Also, going that route would virtually end any hopes of Armstead returning and possibly, Ward as well.
Sure, maybe Lynch can work some negotiation magic and bring down the price down, but Golden Tate’s contract negates a lot of the general manager’s leverage. Tate, who turns 32 in August and is a one-time Pro Bowler with three career thousand-yard seasons, agreed to a four-year $37.5 million contract with the Giants last offseason.
Even if Sanders agrees to the exact same deal, San Francisco would be left with less than $3 million to spend on the open market and that amount isn’t attracting any player who will make a significant impact.
If the organization does decide to go this route, there is the option of cutting players who don’t have very much dead cap left on their contracts for some salary cap relief. However, this would just create other needs and only fill one. Lynch and Shanahan ultimately have to ask themselves this question, is the aging wide receiver really worth all that?
Let him walk
Not bringing Sanders back would certainly hurt. Going this route would literally mean the 49ers gave up a draft pick for a rental player. Maybe this was the plan all along, but it’s not like he was some slouch that everyone in the organization would be happy to see leave.
Yes, fifth-round picks often don’t even make the team in year one anyway, but the selection could also turn into a player like Dre Greenlaw, who Lynch found in that round a year ago. Losing out on the chance to find another diamond in the rough for a player who didn’t even play an entire season for the team is never a good feeling for the general manager.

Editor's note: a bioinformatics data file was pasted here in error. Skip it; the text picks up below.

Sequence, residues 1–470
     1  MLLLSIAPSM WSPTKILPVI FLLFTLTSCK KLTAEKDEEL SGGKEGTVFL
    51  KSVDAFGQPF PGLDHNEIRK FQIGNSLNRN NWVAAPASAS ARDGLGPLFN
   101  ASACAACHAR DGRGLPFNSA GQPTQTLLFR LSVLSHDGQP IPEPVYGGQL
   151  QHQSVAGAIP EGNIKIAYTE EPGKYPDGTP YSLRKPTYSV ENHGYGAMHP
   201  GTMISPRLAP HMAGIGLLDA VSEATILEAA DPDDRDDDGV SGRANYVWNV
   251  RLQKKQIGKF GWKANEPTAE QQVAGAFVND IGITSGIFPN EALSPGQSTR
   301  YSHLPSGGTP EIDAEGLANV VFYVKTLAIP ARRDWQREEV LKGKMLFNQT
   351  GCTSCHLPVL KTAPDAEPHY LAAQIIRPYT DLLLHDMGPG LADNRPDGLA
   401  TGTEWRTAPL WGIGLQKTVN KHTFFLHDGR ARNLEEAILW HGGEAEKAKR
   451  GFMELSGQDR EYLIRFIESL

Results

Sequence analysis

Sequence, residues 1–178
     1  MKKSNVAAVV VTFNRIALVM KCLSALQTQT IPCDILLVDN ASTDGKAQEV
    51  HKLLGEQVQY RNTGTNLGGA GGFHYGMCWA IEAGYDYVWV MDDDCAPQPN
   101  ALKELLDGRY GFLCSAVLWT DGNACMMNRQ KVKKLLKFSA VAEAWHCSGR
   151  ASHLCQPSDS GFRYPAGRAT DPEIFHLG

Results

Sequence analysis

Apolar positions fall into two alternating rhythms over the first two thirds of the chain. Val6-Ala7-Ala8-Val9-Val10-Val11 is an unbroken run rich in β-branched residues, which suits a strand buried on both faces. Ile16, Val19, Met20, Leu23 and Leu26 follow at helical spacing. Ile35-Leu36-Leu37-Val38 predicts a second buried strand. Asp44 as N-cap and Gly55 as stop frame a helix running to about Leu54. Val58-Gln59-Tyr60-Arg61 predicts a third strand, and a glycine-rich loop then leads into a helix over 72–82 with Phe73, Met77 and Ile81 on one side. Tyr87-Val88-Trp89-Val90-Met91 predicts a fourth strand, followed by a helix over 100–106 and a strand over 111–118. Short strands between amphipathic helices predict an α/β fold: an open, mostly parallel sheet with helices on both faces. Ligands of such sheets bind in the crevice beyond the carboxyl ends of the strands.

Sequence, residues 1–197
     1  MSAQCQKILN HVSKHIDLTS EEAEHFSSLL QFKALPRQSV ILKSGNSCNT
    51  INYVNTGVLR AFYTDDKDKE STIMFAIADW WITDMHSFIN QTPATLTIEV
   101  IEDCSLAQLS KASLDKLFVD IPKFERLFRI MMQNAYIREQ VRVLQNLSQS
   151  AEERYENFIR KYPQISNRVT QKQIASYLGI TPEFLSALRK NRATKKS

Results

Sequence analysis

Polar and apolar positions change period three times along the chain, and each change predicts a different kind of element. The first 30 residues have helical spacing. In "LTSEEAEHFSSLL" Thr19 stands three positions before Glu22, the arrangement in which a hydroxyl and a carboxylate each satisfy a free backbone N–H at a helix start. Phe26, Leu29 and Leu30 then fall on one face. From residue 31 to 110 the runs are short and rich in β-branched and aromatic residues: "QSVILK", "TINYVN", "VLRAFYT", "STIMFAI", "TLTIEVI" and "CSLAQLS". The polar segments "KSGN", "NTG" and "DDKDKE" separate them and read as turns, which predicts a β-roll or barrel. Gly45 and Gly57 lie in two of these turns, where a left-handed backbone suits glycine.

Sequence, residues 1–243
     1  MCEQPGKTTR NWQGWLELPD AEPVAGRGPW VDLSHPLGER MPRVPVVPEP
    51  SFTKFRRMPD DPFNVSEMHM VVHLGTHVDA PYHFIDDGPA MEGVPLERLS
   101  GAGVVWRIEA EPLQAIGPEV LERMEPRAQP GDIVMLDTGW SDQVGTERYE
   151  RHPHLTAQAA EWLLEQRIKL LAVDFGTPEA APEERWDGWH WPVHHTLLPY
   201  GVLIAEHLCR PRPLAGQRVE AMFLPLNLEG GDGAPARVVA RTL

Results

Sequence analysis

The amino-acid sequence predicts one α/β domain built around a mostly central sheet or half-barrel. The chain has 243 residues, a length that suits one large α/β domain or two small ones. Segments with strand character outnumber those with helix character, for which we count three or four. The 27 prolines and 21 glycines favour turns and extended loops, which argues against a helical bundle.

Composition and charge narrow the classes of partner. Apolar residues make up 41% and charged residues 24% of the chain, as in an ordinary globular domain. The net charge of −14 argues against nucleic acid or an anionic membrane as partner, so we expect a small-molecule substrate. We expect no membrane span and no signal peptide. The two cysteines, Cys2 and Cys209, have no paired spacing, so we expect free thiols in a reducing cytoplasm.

However, there is some upside to letting the wideout walk.
First of all, San Francisco would be saving a bunch of money. As mentioned above, the organization’s cap situation is very tight, and letting Sanders go elsewhere would give the team a lot more flexibility to address other areas of the roster. While the 49ers will have a need at wide receiver once again, the draft is perfect for filling that void.
This draft class is loaded with talent at wideout and is extremely deep at the position. Even with the 31st pick overall, the Red and Gold could still get a really good receiver who can fill Sanders’ shoes. Jalen Reagor, Justin Jefferson, and Tee Higgins could easily be within reach as The Draft Network ranks them 27th, 35th, and 43rd overall, respectively.
At the end of the day, waiting until late April to address the team’s wide receiver need might be in the 49ers’ best interests, economically at least.
Just as I mentioned when discussing Armstead and Ward’s situations, by no means is this meant to be a prediction and is simply just my opinion on the matter.
If I’m calling the shots, I’d let Emmanuel Sanders walk.
San Francisco’s salary cap situation really restricts its ability to be active during free agency. As mentioned above, bringing back the 10-year veteran virtually ends the organization’s hopes of retaining other soon-to-be free agents, and the ability to pursue other players on the open market.
With how deep the draft class is at wideout, the 49ers can easily find Sanders’ replacement at a much lower price tag. Also, the need for a receiver may not be as dramatic as it seems now once Jalen Hurd returns from his injury.
Losing out on the draft pick will definitely sting but ultimately, that’s what San Francisco signed up for by trading for a player who was in the last year of his contract. It’s time to cut bait and move on so the organization’s decision-makers can start focusing on other options at the position.